When someone asks for a fun, "mindless" read, this book would be an excellent recommendation. I hate to call it fluff, and I put quotes around that other word because I believe it is thoughtfully written, even if it won't make you think very hard while reading it. A very good book for traveling.

Wednesday, April 06, 2016

Shame and Wonder: Essays

by David Searcy

This book got a glowing review in Publishers Weekly, and I'd been meaning to read more essays (not the persuasive sort, more like musings or commentaries). The author is a Texan, which promised (the book review promised!) an outlook different from my own and a landscape alien to me. Well, ho-hum. I don't know, I just wasn't feeling it. I gave it the old college try. My only regret is that I hung on too long trying to get into it, and now I'm falling behind on my backlog of books.

My next book up is meant to be a thriller, but I also picked it up on the strength of a PW review. Come to think of it, PW gave a very good review to Hot Pterodactyl Boyfriend, too, and I have trouble believing that teen book will be any good. Consider yourself on notice, Publishers Weekly.

Gypsy Boy: my life in the secret world of the Romany Gypsies

by Mikey Walsh

Sometimes you read a memoir in which the writing is so good that it doesn't matter if nothing momentous happens; sometimes you read a memoir in which the story is so compelling that the writing just needs to be not terrible. This book is the second kind. Not to say the writing is less than okay, because it's fine, very readable, but it's not the strong point.

I have to admit the idea of a gay Gypsy gave me an inappropriate tickle, much like thoughts of gay Mormons or gay Amish. Very privilege-y and ethnocentric of me, I know, but in any case nothing titillating occurs in this book. The author is sexually assaulted by a relative, and he does have a romantic relationship at the end, but no fun sexy bits.

Still, a really interesting look and insider perspective on Romany culture, and a first-person chronicle of a difficult personal journey. Quick, gripping read. A sequel has been written, but I don't feel all that motivated to read it.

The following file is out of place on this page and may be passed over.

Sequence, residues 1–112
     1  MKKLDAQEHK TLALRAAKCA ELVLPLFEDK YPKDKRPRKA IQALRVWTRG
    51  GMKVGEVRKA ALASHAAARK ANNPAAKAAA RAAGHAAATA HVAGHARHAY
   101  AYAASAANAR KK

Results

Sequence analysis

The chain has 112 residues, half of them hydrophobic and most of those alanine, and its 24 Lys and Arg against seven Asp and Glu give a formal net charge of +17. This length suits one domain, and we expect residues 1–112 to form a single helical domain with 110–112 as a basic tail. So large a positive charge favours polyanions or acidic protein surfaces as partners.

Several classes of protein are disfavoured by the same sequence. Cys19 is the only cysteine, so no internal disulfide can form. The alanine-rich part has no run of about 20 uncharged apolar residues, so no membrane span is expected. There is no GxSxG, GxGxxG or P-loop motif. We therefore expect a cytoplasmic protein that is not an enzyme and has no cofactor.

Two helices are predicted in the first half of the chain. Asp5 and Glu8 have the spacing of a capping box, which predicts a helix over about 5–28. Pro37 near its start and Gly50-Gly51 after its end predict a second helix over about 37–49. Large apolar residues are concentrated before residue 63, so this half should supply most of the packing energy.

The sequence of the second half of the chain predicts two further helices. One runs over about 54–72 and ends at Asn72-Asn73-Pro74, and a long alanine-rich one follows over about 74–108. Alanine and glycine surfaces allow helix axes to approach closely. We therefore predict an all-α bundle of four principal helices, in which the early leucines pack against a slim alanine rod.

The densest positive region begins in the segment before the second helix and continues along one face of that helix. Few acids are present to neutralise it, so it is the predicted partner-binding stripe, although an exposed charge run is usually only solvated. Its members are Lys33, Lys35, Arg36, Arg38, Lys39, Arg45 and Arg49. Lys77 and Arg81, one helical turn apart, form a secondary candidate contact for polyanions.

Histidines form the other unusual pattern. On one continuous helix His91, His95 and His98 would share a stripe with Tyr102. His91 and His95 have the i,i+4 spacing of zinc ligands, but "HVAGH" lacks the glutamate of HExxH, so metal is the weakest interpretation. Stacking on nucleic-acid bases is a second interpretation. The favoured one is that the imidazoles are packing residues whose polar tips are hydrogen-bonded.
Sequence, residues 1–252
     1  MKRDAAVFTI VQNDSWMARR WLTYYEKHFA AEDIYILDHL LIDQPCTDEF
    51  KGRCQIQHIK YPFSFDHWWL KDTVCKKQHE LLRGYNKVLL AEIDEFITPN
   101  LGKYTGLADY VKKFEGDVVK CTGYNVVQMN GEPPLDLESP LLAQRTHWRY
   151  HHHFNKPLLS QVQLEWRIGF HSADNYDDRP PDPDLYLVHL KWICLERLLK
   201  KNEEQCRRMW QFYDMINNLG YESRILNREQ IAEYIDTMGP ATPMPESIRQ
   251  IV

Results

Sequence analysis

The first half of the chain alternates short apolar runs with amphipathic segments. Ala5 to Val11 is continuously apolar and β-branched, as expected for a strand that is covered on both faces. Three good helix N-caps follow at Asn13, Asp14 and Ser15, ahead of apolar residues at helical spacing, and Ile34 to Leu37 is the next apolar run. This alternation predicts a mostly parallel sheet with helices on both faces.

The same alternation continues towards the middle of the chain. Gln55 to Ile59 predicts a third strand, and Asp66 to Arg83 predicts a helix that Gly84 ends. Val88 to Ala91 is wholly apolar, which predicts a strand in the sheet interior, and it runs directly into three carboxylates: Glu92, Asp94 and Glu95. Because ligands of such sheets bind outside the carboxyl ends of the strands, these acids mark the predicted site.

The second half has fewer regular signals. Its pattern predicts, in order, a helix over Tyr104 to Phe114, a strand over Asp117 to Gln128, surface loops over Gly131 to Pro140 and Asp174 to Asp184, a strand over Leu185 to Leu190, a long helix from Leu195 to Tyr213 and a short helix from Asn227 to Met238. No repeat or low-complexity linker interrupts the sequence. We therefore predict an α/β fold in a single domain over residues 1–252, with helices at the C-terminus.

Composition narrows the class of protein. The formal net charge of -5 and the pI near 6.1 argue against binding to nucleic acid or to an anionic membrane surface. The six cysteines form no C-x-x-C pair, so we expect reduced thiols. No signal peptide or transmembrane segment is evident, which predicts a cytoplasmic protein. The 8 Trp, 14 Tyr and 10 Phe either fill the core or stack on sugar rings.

Monday, April 04, 2016

How to Be Both

by Ali Smith

I once tried to discuss David Mitchell's novel Cloud Atlas with a friend, only to realize after ten minutes that she was talking about The Cloud Atlas by Liam Callanan. How to Be Both is a little bit like that, on purpose. Two stories, more cross-referential than intertwined, compose this brilliant book, which has two published versions with the same two stories in different order. I don't remember if my copy was "Camera" then "Eye," or "Eye" then "Camera." Imagine the possibilities of a book discussion group in which some people read one version and some read the other.

I really enjoyed the writing in this book. I found myself re-reading passages, flipping around through the pages to hunt for connections and clues, and even posted some choice quotes online. The two stories are set in very different times (1400s and 1960s, I think) and are superficially very different to one another, despite the appearance of a particular Italian fresco in both. They are thematically related, however, and "inform" one another (in the parlance of literary criticism). So in a sense it's a complex novel of ideas, but also one that's just damn good reading.

What it is the book about, though? A teenage girl's coming of age in England and a Renaissance artist with a secret, but telling you that doesn't really help. It's also, as the title indicates, about being two things at once, which is also like being neither thing, and it's about how we tell ourselves and show others who we are. To whom should one recommend this book? Anyone who enjoys literary fiction and those who have enjoyed books by Barbara Kingsolver, Donna Tartt, Jeffrey Eugenides, Jeanette Winterson, Virginia Woolf. (Those last three could constitute a little bit of a clue that I hope won't spoil anything.)

Sunday, April 03, 2016

Full Service: my adventures in Hollywood and the secret sex lives of the stars

by Scotty Bowers

This book didn't feel as scandalous or subversive or titillating as I though it ought. Which says something about me (that I'm jaded, or that I'd hoped I wasn't) or about the world (that, in my little corner of it at least, society has progressed beyond some of its prudishness about sex; or, if it hasn't, maybe these particular secrets simply weren't really secrets anymore). Perhaps I already knew these "secrets" because I'm gay? I promise you, we don't have some kind of gay intranet or newsletter that tells us all the celebrities who are "secretly" gay, but straight people still ask me as if I would know something they couldn't have learned just by reading gossip blogs or tabloids or even People.

Anyway, this bisexual author apparently made quite a few connections, so to speak, and arranged many more in the hidden gay Hollywood of the 1950s-60s-etc. He worked at a gas station that served as a sort of mini-brothel (it had restrooms and a trailer or two) and referral service for gay and lesbian celebrities and other well-heeled homosexualists to meet the (usually) younger gay, lesbian, and hetero-flexible freelancers with whom discreet arrangements were possible.

The writing is serviceable, leaving the story to do all the work. I was by no mean bored, but I wasn't enthralled either. A quick read, dishy enough even if some of the revelations are old news. Katherine Hepburn apparently had very bad skin, requiring lots of makeup, lighting and soft focus, and also was rather unpleasant and unliked.